This is a great piece of academic sport analysis; the focus on and use of sports migrant’s stories means that there should be an audience well beyond the usual academic readership. On top of that, the theoretical sophistication (without being all that ‘scary’) means that the book should also be of use to those interested in and working around other cultural industries. It is the second excellent anthropological analysis of work I have read in the last few weeks (along with Ashley Mears’ Pricing Beauty), reminding me of the importance of socially engaged scholarship, of highlighting the voices of those who we work with as scholars and analysts and of the importance of a clear but critical grasp of theoretical frames to give our scholarly work meaning. Alarmingly, both have also sat in my to-read pile for far too long.
Mrs Mooshaber is an elderly widow scraping to get by in un-named central European dictatorship in an un-specified era of seemingly relentless, low-levMrs Mooshaber is an elderly widow scraping to get by in un-named central European dictatorship in an un-specified era of seemingly relentless, low-level constant surveillance, a process in which she, at times, seems to play a part. Her husband dead, her children ungrateful criminals, her closest friend it seems is the caretaker in her building and the managers at the Mother and Child Support Service for whom she volunteer seem to have a soft spot for her and although she seems to be given some tricky assignments she seems to get by on grandmotherly homilies and ‘common sense’. Through all of this she seems to exist in a world quite apart from the grand politics of her time and place, and for the most part separate from the daily oppressions and ignominy of her seemingly totalitarian but only tangentially present world.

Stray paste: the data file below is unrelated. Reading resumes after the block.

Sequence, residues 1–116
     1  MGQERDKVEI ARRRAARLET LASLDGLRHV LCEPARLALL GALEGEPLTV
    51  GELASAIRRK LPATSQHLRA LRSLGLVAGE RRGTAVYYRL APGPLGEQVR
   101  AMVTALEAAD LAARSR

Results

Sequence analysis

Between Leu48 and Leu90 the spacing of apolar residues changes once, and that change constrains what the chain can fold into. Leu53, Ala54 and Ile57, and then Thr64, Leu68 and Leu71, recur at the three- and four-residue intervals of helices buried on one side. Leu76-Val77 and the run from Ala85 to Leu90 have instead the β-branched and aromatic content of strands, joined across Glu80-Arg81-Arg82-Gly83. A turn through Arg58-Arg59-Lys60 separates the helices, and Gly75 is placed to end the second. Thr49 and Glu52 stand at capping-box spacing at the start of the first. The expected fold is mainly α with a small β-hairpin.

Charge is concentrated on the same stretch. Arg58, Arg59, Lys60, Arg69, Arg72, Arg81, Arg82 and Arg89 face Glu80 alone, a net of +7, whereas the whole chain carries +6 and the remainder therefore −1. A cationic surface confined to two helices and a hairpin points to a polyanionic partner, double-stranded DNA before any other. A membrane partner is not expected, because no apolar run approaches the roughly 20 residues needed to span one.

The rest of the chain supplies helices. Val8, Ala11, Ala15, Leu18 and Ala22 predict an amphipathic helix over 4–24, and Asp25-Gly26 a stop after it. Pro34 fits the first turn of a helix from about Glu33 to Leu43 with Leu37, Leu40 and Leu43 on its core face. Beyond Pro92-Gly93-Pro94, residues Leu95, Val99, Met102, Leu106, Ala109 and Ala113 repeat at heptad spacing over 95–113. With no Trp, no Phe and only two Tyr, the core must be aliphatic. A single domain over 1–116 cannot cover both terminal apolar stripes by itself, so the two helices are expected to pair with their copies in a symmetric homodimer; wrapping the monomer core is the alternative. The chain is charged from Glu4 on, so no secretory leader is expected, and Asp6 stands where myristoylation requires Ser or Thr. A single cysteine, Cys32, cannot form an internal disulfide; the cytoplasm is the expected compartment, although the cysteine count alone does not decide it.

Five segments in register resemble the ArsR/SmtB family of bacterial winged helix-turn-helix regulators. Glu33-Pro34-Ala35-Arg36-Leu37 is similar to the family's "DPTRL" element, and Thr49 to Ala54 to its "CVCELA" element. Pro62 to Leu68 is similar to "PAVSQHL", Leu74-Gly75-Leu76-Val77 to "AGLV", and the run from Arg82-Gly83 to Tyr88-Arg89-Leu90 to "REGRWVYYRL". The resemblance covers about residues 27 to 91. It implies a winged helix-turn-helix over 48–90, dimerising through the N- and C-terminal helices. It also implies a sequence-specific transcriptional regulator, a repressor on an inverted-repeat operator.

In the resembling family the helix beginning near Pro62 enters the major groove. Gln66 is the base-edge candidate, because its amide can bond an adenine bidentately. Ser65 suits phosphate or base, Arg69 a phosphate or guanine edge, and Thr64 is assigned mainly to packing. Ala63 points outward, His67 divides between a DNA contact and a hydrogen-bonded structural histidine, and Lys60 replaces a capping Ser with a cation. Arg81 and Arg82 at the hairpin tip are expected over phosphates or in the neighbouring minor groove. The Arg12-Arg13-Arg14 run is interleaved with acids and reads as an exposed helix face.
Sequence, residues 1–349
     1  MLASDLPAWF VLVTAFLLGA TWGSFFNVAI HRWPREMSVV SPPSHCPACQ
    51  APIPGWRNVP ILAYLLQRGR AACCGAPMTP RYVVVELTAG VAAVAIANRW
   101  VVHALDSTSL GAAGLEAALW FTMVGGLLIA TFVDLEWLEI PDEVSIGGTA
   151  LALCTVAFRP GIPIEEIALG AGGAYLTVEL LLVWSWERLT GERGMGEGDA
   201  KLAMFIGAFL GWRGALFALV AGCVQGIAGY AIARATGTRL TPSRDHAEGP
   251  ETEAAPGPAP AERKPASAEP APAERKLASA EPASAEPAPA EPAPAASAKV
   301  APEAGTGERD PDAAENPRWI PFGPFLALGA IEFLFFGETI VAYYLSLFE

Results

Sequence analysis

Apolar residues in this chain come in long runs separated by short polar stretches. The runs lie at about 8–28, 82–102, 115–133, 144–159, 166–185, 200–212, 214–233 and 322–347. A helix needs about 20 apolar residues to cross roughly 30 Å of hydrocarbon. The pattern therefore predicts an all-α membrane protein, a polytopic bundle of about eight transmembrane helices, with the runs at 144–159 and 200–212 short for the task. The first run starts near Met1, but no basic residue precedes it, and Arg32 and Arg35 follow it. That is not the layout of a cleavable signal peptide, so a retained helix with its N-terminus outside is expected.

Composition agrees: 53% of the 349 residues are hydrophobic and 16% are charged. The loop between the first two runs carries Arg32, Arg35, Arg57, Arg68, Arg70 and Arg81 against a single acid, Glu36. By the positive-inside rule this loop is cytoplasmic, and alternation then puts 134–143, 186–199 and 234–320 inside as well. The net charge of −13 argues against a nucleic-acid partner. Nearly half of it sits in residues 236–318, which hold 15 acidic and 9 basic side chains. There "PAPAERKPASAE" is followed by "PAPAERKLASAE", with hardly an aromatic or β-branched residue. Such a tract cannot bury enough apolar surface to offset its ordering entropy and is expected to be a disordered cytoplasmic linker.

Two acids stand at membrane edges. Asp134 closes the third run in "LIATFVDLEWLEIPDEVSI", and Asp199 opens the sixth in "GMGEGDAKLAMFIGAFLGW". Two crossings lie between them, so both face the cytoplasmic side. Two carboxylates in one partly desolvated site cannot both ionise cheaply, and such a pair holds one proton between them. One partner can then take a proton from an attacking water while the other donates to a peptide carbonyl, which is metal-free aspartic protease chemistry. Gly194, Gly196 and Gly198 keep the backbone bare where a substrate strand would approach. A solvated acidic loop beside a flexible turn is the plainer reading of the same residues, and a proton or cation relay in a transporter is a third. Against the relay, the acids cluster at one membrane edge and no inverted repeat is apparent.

It may only be tangentially present, but it is always there, lurking and ambiance setting. As a worker for the Mother and Child Support Service, Mrs Mooshaber is a constant presence in family lives often being sent in to deal with what seems form the outside at least to be cases of playfulness and children’s independent activity, although the cases are always presented as extremely serious breaches of discipline. A more obvious presence is the intermittent visits by various police officers to her apartment to ask about aspects of her youth, often seemingly bizarre events such as the presence of a giant mouse with a mane in the forest when she was a child, or who she met during various trips to that forest – this slightly surreal component adds to the sense of pervasive state presence. An even more obvious aspect of the looming state is the cult of personality that seems to surround the Prime Minister, who rules in association with the Dowager Princess who remains unseen for many years, prompting rumours of her death or imprisonment.